One hour later as we are reaching Hood River we are figuring out that we should have gone up hwy 26 and not through Hood River because this way it was almost a 2 hour drive. So fine, we stopped in Hood River got some snacks and coffee and we were off again to find Lost Lake. After a very windy one-lane road with about 1foot of snow in some spots we arrived just outside the entrance to the Lost Lake campground with about 30 minutes to spare. Now we were confused because ahead there was one gate completely shut and to our left a gate was left just open enough that a car could pass. So we decided that had to be the way in and we took a left, going carefully as we tested out the snow so that we would be able to return and not get stuck. After about 15 minutes we arrived at the end of the road (which we were told would end by a group of three young hikers we had met just about a minute before) walking back up that trail. On our way back we offered them a ride but they decided that they preferred the walk. So back we went to find another way to Lost Lake and finally getting back to our starting point in front of the two gates we got out of the car and walked down the path past the 2nd closed gate.

We made it to the lake but unfortunately not all the way around the lake where, supposedly there is a good spot for photographing Mt. Hood. I got some great photos in none the less and we stayed until it was so dark we could no longer see our car ahead. It got a bit spooky walking up the path to our car it was a good 5 min walk in the dark with two little ones. But the scariest part was just ahead. My husband decided that we would take the shorter route home through hwy 26, well we had no idea what conditions we would encounter having not come up that way. The road leading to hwy 26 was about 20 miles long,  small unpaved, lots of potholes, no lights, but the worst part of it was all the trees that had fallen into the roadside through some winter storm they must have had up there. I was holding on to my stomach and my seat, I don’t think I’ve ever been so nervous in my whole life and my husband was driving much too fast for me. It looked like we were driving in an S pattern as well as we were down to less than a quarter tank of gas. I was praying so hard that we would make it back down the mountain to a gas station in time, all the while thinking and mentally preparing for possibly being stuck up there over night. Don’t think I’ll be trying that one again soon.2015-01-27_0011 2015-01-27_0045 2015-01-27_0016 2015-01-27_0017 2015-01-27_0018 2015-01-27_0015 2015-01-27_0013 2015-01-27_0014 2015-01-27_0026 2015-01-27_0025 2015-01-27_0027 2015-01-27_0024 2015-01-27_0021 2015-01-27_0020 2015-01-27_0022 2015-01-27_0023 2015-01-27_0030 2015-01-27_0029 2015-01-27_0032 2015-01-27_0033 2015-01-27_0034 2015-01-27_0035 2015-01-27_0036 2015-01-27_0037 2015-01-27_0039 2015-01-27_0040 2015-01-27_0041 2015-01-27_0042 2015-01-27_0043 2015-01-27_0044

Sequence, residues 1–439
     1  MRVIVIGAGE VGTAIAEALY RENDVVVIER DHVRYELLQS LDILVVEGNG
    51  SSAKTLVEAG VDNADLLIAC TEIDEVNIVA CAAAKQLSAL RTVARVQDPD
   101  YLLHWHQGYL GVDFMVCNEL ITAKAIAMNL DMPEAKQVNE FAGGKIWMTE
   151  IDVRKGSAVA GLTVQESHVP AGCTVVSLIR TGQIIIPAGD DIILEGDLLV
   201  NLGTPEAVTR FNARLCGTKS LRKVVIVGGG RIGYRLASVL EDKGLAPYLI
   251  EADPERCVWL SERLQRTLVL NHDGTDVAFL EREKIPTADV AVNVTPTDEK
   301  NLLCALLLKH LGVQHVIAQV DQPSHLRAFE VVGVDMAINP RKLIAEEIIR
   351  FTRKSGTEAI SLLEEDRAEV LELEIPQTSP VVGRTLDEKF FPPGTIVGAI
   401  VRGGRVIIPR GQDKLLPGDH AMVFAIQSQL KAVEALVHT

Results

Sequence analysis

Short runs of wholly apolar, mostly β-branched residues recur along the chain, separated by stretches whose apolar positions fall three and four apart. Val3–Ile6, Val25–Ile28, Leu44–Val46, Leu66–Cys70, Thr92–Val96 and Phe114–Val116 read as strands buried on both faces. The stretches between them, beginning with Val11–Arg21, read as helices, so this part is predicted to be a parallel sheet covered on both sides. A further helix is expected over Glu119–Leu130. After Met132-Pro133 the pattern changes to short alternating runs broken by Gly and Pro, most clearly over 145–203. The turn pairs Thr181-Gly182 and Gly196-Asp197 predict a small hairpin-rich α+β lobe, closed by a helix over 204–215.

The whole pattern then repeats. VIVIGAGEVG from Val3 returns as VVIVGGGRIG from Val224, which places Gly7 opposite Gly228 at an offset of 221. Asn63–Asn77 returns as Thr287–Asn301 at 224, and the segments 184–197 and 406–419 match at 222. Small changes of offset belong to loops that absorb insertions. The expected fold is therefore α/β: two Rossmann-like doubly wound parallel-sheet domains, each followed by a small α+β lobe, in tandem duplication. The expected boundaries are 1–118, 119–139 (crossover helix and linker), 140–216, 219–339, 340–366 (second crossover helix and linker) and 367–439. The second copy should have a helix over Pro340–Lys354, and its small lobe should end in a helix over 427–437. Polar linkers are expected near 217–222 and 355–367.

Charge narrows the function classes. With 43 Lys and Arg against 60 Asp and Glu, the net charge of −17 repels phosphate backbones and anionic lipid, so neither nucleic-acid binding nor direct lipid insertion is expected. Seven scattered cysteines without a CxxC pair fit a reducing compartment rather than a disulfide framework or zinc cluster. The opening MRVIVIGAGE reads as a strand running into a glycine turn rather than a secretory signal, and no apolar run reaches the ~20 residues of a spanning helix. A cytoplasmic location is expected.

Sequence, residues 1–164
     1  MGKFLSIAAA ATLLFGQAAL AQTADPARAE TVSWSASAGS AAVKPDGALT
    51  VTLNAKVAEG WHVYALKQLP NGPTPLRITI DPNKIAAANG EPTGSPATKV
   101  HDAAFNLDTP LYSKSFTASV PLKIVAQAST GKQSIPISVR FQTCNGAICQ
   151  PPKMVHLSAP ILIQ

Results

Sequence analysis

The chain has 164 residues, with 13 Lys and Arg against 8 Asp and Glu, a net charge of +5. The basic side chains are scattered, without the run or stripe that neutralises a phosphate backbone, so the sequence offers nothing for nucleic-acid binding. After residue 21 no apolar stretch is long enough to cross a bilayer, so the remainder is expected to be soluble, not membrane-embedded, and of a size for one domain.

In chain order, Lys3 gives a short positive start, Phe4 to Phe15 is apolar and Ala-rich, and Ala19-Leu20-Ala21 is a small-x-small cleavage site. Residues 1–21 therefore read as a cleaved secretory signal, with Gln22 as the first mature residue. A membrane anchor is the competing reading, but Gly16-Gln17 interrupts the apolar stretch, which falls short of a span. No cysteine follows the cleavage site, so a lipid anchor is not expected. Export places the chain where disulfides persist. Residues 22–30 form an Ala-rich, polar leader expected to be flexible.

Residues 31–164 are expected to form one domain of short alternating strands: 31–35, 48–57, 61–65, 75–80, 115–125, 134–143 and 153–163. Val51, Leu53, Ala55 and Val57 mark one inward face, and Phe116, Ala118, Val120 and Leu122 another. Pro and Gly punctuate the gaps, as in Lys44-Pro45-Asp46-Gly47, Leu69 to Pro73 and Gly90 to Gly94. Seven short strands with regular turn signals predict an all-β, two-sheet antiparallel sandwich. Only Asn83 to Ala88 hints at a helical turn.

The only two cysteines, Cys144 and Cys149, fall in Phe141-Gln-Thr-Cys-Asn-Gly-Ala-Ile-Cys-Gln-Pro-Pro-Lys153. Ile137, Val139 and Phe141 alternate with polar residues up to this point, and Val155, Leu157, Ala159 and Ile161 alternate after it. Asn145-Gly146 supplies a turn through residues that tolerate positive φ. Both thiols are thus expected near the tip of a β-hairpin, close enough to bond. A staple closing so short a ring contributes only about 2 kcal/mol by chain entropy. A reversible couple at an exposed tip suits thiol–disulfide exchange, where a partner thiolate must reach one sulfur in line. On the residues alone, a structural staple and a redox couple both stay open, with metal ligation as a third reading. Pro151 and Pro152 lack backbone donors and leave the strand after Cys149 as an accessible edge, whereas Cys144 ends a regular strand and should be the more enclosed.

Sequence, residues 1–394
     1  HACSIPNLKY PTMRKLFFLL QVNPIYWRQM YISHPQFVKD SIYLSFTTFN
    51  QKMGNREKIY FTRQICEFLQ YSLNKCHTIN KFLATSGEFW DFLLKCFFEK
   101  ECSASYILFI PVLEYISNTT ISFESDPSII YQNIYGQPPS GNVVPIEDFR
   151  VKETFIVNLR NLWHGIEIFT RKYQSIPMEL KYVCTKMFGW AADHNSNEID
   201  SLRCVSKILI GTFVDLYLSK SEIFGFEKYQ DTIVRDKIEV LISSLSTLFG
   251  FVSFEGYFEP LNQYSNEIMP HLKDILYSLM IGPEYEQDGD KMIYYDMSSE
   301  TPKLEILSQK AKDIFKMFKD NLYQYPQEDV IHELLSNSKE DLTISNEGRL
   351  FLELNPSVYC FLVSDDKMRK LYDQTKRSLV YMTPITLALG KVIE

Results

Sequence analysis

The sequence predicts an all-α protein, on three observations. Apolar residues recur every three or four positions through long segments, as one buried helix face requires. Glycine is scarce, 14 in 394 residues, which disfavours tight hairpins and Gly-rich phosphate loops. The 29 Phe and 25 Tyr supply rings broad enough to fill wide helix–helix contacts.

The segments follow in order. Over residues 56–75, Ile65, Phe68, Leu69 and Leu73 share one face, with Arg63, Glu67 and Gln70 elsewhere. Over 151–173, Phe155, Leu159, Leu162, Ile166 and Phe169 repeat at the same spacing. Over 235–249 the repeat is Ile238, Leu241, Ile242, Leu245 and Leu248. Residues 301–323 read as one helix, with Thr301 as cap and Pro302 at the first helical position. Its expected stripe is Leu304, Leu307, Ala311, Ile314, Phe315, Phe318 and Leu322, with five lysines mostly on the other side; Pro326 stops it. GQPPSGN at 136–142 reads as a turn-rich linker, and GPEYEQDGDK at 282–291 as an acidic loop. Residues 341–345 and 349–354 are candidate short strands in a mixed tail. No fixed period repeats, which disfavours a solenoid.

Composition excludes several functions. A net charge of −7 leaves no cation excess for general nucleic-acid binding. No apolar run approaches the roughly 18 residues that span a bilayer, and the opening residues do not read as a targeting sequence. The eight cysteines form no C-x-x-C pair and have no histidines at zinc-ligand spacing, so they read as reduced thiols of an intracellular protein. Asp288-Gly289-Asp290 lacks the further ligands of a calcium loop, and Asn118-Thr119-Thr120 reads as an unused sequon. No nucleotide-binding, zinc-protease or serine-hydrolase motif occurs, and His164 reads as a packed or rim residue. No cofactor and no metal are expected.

Hike it baby: the GORGE

We have been blessed with some unusually balmy weather here in the NW and this last Saturday on a whim I joined a couple of friends of mine on a nice easy hike called Dry Creek Falls.  I used to get out and hike a lot more before babies and since then I’ve really slowed down in that department, that is why I’m so impressed by my friends Anka and Ezechel who although they have become parents have not slowed down at all, in fact I almost feel like they have increased their pace.